Municipal bond defaults have been on a steady climb since 2018, and look set to continue that trend in 2021, a worrisome sign given that credit conditions are likely to only worsen from here, according to an analysis published October 6.
There have been 47 defaults so far this calendar year, according to that analysis, a weekly summary of default trends from muni-market stalwarts Municipal Market Analytics, and recent history suggests the fourth quarter will see at least 13 more, putting the annual at 60. That would be the highest yearly total, other than 2020, since 2016.
It’s important to note that none of the defaults discussed here impact bonds issued by state and local governments and secured by tax revenues. Bonds issued by Puerto Rico, which is in the midst of a major restructuring process, are also excluded.
Senior living facilities are by far the biggest offender, with 27 defaults so far in 2021, followed by charter schools. Nearly all the defaults of the past few years fall into what MMA terms a “risky” sector, also including jails, student housing, and parking.
One of the biggest drivers of the surge of defaults in 2020 was the “industrial development bond” category, a sector also sometimes called “industrial revenue bonds.” That category was elevated in 2018 and 2019 as well, reflecting two high-profile issuers, FirstEnergy and PG&E, MMA notes.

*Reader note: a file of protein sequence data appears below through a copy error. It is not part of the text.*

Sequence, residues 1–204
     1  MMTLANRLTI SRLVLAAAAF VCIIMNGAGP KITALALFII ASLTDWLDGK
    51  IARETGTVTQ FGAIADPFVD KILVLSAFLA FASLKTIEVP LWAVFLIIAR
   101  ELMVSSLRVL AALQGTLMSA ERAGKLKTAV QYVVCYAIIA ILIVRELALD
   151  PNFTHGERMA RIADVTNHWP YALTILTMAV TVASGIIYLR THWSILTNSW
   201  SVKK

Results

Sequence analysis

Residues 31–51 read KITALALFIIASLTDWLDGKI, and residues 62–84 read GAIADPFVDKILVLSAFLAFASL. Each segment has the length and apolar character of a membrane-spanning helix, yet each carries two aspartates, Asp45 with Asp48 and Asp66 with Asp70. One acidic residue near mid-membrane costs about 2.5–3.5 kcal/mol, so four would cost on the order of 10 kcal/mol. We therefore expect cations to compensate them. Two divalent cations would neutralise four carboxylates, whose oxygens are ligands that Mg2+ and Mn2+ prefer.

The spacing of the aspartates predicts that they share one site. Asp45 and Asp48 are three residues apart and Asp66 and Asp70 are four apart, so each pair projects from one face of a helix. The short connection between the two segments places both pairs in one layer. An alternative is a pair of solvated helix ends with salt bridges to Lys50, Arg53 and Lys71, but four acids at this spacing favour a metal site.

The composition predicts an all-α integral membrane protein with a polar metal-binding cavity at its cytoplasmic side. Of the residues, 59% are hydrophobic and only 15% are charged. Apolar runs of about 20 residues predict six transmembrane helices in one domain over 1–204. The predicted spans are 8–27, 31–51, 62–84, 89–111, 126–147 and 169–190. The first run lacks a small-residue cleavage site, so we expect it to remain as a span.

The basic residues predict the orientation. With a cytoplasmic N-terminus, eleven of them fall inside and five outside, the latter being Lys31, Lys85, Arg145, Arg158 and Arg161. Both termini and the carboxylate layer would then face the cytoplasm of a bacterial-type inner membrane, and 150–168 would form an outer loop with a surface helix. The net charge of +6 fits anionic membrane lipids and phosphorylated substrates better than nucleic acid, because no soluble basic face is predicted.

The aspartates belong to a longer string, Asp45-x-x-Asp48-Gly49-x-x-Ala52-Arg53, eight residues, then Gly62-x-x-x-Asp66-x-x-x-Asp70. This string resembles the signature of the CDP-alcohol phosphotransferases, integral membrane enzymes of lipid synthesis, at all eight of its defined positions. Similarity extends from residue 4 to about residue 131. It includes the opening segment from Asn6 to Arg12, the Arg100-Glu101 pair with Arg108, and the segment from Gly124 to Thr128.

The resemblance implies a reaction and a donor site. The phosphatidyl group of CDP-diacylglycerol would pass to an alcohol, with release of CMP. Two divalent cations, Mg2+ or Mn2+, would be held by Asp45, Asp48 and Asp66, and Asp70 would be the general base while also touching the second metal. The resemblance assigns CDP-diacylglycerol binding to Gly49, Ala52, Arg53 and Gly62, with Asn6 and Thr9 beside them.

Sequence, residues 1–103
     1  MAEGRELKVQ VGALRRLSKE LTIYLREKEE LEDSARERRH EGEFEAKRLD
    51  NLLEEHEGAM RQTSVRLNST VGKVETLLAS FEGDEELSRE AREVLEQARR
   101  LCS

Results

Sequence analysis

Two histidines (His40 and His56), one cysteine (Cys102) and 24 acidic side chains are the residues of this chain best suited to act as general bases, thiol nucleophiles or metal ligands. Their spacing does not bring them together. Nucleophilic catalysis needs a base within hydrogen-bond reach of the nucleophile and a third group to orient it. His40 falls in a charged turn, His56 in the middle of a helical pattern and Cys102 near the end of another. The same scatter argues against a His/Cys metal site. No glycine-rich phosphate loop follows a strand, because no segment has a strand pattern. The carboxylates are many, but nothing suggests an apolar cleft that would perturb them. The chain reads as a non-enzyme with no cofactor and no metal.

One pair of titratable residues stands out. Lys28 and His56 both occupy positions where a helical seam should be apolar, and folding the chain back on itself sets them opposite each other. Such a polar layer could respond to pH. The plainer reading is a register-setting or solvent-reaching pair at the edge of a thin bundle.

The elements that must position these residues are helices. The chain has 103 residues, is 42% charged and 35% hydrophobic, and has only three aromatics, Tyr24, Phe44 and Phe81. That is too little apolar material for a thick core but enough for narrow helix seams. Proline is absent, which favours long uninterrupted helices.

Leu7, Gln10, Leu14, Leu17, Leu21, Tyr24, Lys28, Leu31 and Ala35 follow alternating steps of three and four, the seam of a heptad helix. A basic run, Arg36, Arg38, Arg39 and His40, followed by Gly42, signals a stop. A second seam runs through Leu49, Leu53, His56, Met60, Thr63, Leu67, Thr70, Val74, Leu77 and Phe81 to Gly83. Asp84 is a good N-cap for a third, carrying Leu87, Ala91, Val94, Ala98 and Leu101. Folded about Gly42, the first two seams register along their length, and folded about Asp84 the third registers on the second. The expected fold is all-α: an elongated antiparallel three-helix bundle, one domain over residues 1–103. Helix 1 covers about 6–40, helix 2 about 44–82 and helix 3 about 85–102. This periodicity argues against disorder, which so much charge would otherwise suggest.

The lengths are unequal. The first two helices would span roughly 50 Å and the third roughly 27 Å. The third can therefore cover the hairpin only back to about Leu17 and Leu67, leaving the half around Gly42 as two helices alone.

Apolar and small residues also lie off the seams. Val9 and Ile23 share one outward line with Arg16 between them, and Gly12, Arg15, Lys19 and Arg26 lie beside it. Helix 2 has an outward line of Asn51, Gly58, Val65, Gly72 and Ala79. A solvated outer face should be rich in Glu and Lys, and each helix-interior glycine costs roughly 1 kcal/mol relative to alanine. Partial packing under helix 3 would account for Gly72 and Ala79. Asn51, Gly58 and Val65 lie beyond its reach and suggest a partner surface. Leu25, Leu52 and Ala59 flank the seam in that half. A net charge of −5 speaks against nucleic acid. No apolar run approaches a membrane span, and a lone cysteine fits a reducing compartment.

“If IDBs are removed from the calculation, the adjusted current default rate trend is not only smoother but also more concerning, tacking steadily higher since 4Q18,” MMA analysts write. “This is another concerning takeaway: an apparent lack of material progress in restructuring/resolving the tide of broken financings created by the pandemic, despite the most aggressive, most borrower-friendly high yield lending conditions these entities are likely to experience.”
Demand for municipal bonds, including those considered “high yield,” also sometimes called “junk bonds,” has been so strong, and supply so low, that some funds have closed to new investors, as previously reported.
All this suggests that the defaults in certain sectors may point to “failing business models,” MMA notes – because access to capital clearly isn’t a problem.
And with the Federal Reserve likely getting ready to start tightening monetary policy in the coming months, credit conditions will likely only tighten.
“It implies that, if lending conditions begin to weaken even slightly, a new cohort of peer credits may fall into impairment or default situations that will also not be easy to correct,” they added.